Blur lets you search privately on Google

Martin Brinkmann
Jan 28, 2015

Google Search is without doubt the most popular search engine globally. It is the major search engine, often with 75% or more market share, in most countries.

There are only a few countries, China or Russia for example, where Google Search is not the dominant search engine.

If you like to use Google Search but are concerned about privacy you have a couple of options to deal with that.

You can switch to a search engine that uses Google results but offers better privacy, Startpage comes to mind, or use proxy servers or virtual private networks instead.

The browser extension Blur, formerly known as Do Not Track, offers another option. It enables you to use Google Search like you would normally but prevents that searches, IP addresses or clicks on the site can be linked to each other and connected to you.

Note: Before you can use Blur you need to create an account at the company website (Abine). The latest download of the extension becomes available for Chrome or Firefox after you have signed up. (You can download the extensions directly on the Mozilla and Chrome web stores but at least on the Mozilla site, it is not the latest version that is offered)

You may need to enable private search in the Blur interface before you can use it on Google. To do so click on the extension icon in the browser and select settings from the menu that opens up. Click on  settings for all sites and make sure that protect my search is enabled there.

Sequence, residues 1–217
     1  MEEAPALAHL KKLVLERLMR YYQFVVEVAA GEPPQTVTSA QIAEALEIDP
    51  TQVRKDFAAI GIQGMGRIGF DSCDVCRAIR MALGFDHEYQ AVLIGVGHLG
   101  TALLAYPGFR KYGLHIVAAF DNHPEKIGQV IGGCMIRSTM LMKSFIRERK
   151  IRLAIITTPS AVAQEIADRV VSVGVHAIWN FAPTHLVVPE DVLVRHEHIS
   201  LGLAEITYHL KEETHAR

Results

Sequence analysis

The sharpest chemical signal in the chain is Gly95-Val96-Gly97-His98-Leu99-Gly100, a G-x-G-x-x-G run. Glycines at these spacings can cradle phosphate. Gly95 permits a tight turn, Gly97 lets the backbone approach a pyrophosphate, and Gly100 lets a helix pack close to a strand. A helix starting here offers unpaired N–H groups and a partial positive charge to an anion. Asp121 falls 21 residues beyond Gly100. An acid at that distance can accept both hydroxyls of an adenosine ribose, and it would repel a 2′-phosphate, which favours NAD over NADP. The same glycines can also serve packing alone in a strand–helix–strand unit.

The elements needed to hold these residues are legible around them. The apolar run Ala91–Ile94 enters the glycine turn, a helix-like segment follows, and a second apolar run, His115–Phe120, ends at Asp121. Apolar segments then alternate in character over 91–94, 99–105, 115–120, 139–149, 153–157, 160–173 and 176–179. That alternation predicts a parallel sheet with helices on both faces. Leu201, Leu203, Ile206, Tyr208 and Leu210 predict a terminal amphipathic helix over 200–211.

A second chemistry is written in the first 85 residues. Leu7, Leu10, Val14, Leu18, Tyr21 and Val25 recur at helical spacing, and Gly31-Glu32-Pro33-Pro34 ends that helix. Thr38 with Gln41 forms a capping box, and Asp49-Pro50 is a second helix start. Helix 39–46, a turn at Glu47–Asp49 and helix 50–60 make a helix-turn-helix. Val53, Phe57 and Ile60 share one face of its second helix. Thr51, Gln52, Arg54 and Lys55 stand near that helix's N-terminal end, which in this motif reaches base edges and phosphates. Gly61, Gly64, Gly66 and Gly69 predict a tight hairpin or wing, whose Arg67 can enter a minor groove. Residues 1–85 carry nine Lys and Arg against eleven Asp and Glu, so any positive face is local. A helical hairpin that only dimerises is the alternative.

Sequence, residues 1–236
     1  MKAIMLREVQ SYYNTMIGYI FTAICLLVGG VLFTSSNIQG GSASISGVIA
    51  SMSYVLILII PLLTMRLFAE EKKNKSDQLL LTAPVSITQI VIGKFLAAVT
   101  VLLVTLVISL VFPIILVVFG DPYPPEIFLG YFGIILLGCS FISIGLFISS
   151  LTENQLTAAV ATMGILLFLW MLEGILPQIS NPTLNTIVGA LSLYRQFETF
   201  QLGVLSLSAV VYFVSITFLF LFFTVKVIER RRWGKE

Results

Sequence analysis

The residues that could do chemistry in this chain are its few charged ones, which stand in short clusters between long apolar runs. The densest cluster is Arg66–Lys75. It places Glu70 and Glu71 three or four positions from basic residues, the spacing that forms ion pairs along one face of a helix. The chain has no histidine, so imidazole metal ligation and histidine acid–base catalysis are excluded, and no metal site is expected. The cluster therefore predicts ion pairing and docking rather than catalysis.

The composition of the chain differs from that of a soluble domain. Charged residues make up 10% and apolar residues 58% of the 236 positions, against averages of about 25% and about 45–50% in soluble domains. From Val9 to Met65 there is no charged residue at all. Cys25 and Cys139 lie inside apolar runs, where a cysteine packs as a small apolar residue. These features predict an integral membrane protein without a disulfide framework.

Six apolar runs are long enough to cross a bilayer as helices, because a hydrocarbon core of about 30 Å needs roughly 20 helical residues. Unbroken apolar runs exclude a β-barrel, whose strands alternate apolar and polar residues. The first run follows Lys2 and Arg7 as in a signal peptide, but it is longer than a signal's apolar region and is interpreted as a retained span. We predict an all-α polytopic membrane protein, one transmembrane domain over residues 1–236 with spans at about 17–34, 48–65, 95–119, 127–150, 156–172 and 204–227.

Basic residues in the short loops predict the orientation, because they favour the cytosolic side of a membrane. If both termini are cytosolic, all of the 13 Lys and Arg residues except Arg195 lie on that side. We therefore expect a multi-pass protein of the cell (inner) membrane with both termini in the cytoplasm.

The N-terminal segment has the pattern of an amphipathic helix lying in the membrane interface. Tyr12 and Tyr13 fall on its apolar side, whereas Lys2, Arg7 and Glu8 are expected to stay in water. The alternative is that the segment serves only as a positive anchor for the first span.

When you visit Google Blur highlights that it is enabled on the site. You see the Blur icon on top of the search field and verification that your searches are anonymized by the company.


The search results page highlights that as well, and you will notice that you remain on Google.

I asked Abine about their implementation to better understand how it works. According to the company, private servers are used as proxies when users search on the site so that the IP address of the user searching on Google is not revealed.

In addition, cookies and user agents get replaced as well so that they don't leak information as well.

Abine assured me that they don't keep records that can be associated with users. This includes the IP address and other data.

Blur has more to offer than that including secure password generation, email masking and tracker blocking. You can find out more about the extension on the company website.

I'll stick to Startpage as my number one search engine but if you prefer the real deal on Google, Blur may be an option for you if you are worried about your privacy.

Blur lets you search privately on Google
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Blur lets you search privately on Google